This story from earlier this month describes the use of a computer system called “penalty calculator” to help courts decide on criminal sentencing. The system requires the court to enter relevant details, such as the type of crime and possible mitigating circumstances, and the system uses this information to recommend an appropriate sentence. The system’s advice does not have to be followed by the judges, at least for now.

“The system will avoid different penalties for the same crime. Its usage will help enhance the efficiency of criminal trials,” a document produced professor Chen Xingliang from Peking University, together with six other scholars from the Supreme People’s Court, Tsinghua University, Renmin University of China and the China University of Political Science and Law.

Perhaps more ominously, this story today reports that the system is being used to decide death sentences. China executes more people every year than every other country in the world combined, killing them either by firing squad or lethal injection. In 2004, Amnesty International estimated that at least 3,400 people had been executed and at least 6,000 sentenced to death by the end of the year. Last year of 2,148 documented executions worldwide, and 1,770 were carried out in China according to the Death Penalty Information Center. The death penalty is given for a wide variety of crimes in China including evading gasoline taxes,drug smuggling, and computer hacking. Earlier this year China announced that it would be reforming its laws and procedures regarding the death penalty in order to reduce the number of mistaken executions. In addition to firing squads, China makes use of mobile execution chambers and lethal injections to execute convicted criminals.

The software was developed by a Chinese company Boya-Yingjie Communication Science and has been under development since 2003. The software bases its decisions on a database of Chinese law and precedents. According to software designer Qin Ye, “The software is aimed at ensuring standardised decisions on prison terms. Our programs set standard terms for any subtle distinctions in different cases of the same crime.” It remains to be seen whether use of the software will increase or decrease the number of executions.

Phishing Targeting More Small Instituitions

September 12, 2006

The latest report from the Anti-Phishing Working Group shows that phishers are targeting more insitutions than ever before and targetting more small financial insitutions. The report also documents a rise in the use of the Russian Web Attacker spyware including the phony World Cup soccer site that employed it.

Art Criminal: Hasan M. Elahi

September 11, 2006

This story at We Make Money Not Art describes the artwork of Hasan M. Elahi who isn’t actually a criminal, but was supected of being a terrorist and was investigated and interrogated between June and November 2002 by the FBI. Elahi says the FBI wanted to know everything he had been doing while overseas, “What was I doing there? Who was I speaking with? What did I see? Where did I sleep? And even down to what I ate and drank. I was eventually cleared and to the relief of my friends, family and co-workers, I am officially no longer considered a terrorist – after a 3 hour long polygraph exam which was repeated 9 times.”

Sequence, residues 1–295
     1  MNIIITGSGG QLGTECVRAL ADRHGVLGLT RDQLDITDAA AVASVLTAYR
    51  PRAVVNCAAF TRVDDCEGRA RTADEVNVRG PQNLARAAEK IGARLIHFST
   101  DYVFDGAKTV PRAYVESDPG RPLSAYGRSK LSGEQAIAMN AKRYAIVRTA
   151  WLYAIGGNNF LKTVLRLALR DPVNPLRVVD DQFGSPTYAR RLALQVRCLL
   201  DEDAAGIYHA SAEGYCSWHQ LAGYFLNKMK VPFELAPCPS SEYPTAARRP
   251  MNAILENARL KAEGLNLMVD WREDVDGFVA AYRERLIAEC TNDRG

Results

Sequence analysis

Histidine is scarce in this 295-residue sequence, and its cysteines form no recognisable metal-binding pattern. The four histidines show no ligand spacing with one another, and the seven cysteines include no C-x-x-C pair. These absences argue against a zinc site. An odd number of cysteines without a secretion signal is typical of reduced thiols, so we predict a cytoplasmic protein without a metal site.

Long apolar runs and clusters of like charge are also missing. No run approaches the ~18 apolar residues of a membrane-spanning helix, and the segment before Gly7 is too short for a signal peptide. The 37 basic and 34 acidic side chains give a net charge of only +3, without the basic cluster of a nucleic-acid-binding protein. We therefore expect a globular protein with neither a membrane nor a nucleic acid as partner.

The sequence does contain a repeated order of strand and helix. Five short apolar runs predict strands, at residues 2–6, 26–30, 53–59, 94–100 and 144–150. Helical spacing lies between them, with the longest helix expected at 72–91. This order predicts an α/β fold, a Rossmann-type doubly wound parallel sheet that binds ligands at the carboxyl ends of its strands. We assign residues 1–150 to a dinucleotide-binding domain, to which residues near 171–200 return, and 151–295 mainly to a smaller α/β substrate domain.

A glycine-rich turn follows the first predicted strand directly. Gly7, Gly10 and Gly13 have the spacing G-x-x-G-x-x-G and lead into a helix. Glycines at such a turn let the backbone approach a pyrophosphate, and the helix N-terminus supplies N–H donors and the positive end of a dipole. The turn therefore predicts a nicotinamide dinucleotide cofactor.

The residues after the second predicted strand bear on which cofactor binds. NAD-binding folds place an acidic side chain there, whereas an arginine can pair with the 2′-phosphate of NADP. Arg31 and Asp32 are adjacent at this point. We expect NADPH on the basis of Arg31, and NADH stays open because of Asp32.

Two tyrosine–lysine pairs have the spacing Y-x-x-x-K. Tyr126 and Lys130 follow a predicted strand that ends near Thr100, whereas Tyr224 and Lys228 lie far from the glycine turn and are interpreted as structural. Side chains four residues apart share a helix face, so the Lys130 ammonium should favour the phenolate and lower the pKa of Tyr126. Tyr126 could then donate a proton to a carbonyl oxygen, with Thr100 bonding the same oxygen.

Mr. Elahi’s art is influenced by Orwell’s vision of a future state of total surveillance and control. In one piece he wears a device which uploads images tagged with exact GPS coordinates of where the image was taken to a server which then sends the GPS tag to the United States Geological Survey which returns an aerial surveillance image of the his location. The server compiles the returned map with the uploaded images and small thumbnails of the previously used images into the web based file which can then be accessed online.

Artist’s Statement:

I like to think about the appearance of technology rather than technology itself. More importantly how the technology is packaged or should I say, marketed into an appearance of desire and need for the consumer. This need I feel is more based on a social understanding and [social] function of the technology. Just as any other product that has a pioneering stage, an acceptance stage and an obsolescence stage, I feel that the timing of how a certain technology is adopted by society is far more important than the technology itself. It is in these human borders and frontiers that I am interested in…and also the traces that they leave behind. I have been attempting to bridge these virtual conditions with physical geopolitical parallels and have been fascinated at the translations and the mis-translations of them. I find the most potential in these mutual misunderstandings. I find states of designed obsolescence in structures and systems of power as a global citizen. I prefer lo-fi to hi-fi–and in these absurd realities, I find my works attempting to balance and tumble simultaneously.